How Teens Use Social Media in 2018

Sep 12, 2018  |  By Isaac Maltzer  |  

The findings of a recent study by Common Sense Media have been released, revealing the social media habits, preferences, and behaviors of American teenagers aged 13 – 17.  The latest research completes the second round of a study first conducted in 2012. The result is a measure of how teens’ relationship with social media has evolved over a period of exponential growth (2012 – 2018) for multiple social media channels. Some of the results unveil little, reinforcing established assumptions, but other findings have shown to be far more complex.

An area that should surprise few is the platforms of choice section. Teens are on Snapchat. And Instagram comes in at a close second. 75% of all teen respondents reported using Snapchat, followed by 73% using Instagram. These two paced far ahead of the 52% on Facebook and 24% on Twitter. Divides started to grow once teens were asked about their favorites. 41% of teens claimed Snapchat to be their favorite, with Instagram following at a distant 22%.

Between 2012 and 2018, there are some staggering comparative figures. The most alarming of which was when teens were asked to reveal their favorite forms of communication. In 2012, 49% of teens reported face-to-face as their favorite form of communication, followed by 33% who reported texting. In 2018, in-person communication has been eclipsed, with 32% preferring face-to-face and 35% preferring texting. This finding is likely heavily linked to two other areas of growth. In 2012, 41% of teens owned smartphones and 34% checked social media multiple times a day. Both trends have skyrocketed to 89% of teens owning smartphones and 70% saying they check social media multiple times a day in 2018.

But contrary to popular belief, excessive social media consumption does not appear to have many of the harmful consequences frequently rumored. In fact, more 2018 teens reported social media helps them feel less lonely, less depressed, less anxious and more confident than teens who reported the opposite across the same categories. While this doesn’t by any means settle the issue, it does provide evidence that social media plays a somewhat beneficial role in teens’ mental health.

Taking it even further, numerous teen respondents claimed that eliminating social media, would have a damaging effect on many of their relationships with friends. On a first pass, that finding could pull one back towards concern for an overly social media dependent generation. But teens today are much smarter than they get credit for. 72% of teens are aware or believe that tech companies update their products to manipulate them to spend more time on them. It just appears as though they don’t mind. This type of self awareness displays maturity on par with some of their adult counterparts who are aware of the changes happening to their favorite apps, but use them anyway out of the convenience they provide. And why wouldn’t they?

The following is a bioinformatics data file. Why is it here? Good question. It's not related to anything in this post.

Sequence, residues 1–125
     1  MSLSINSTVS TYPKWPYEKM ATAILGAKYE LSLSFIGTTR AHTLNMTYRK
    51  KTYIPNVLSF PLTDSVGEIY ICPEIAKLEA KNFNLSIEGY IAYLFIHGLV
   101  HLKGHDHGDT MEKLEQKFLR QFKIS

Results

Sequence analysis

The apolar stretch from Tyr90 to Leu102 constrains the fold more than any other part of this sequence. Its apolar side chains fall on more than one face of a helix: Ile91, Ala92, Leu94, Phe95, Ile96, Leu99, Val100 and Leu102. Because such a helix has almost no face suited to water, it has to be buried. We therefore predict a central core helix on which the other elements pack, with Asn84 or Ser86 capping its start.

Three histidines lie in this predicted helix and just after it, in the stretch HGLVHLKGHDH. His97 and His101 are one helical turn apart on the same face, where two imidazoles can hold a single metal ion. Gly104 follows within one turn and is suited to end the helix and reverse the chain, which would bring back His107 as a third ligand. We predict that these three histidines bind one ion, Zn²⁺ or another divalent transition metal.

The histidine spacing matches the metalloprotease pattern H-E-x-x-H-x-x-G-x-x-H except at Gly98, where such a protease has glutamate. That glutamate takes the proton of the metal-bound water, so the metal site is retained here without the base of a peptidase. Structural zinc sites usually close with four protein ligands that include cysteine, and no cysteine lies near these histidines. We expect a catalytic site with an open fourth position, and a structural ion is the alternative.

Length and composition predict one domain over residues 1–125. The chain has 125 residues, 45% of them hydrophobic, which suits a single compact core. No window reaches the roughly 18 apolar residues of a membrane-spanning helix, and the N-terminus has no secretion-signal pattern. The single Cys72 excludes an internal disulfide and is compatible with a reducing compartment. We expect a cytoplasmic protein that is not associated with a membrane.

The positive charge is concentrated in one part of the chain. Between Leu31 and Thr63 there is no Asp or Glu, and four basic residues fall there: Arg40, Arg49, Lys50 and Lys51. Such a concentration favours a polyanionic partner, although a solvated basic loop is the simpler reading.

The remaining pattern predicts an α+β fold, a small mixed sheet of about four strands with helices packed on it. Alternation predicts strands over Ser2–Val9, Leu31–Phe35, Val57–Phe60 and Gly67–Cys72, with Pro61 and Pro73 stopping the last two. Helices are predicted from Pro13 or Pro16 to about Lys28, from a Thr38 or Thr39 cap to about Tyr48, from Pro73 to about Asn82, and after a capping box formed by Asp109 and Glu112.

Beyond the gratification social media gives teens in engaging, planning, and sharing with friends, it also provides them with important social foundations that they use for positive ends as well. Cyber-bullying was another topic covered in the study. And while cyber-bullying is inherently laced with the type of negativity that keeps parents up at night, there was encouragement from teen respondents on the matter. One 17-year-old girl was quoted saying, “I’m [a] normal teenager, my friends are great, we help each other. We don’t let people bully us. Or anyone we see doing it we stand up and fight back.

Another 15-year-old boy stated, “Some people would call me names and make stuff up about me. Others would be positive and tell me not to worry about those people who are talking about me.

And in these responses, we come to the crux of the report to date. Determining if social media is good or bad for teens is not a black and white matter. Like so many things, it is very much enshrouded in shades of grey, complicated by various nuances and complexities that skew it in both directions.  It is undoubtedly a place where teens are exposed to material beyond their years; some of it excessively disturbing. But it’s also where they are now finding critical touch-points of support that they may otherwise have never had.  Moving forward, it’s important to be aware of these findings, but more importantly, how to use them.

As a marketer, I’m walking away with a couple key takeaways. The first and by far the most important is a heightened sense of responsibility. Teens are spending more time with social media now than ever, and it’s playing an ever-increasing role in their livelihood. Working at Civilian has afforded me the benefit of handling campaigns that I actually believe in; that don’t require mental or moral backflips to justify the importance of. With this knowledge in hand, we can craft content that never loses sight of the bigger picture at play. But it’s easier said than done. The second takeaway is to not condescend to teens. Clearly, they have an ear to the ground and a potentially better understanding of social media than many of the adults trying to influence them. Establishing a respectful relationship is central to connecting with anyone. Teens are no different, and they are past the point of being treated like children. Especially on social media, where they have a much easier time lashing back at content they view as off-base.

It will be interesting to see how relationships with social media continue to evolve. It’s safe to say that it has matured beyond being seen as a ‘fad’ and is solidifying itself as an irreplaceable social extension, particularly among younger audiences. As these teens grow up, bring their habits with them and new teens take their place, it’s in all of our best interests to not lose sight of the good we can do with such powerful connection right in our pockets.

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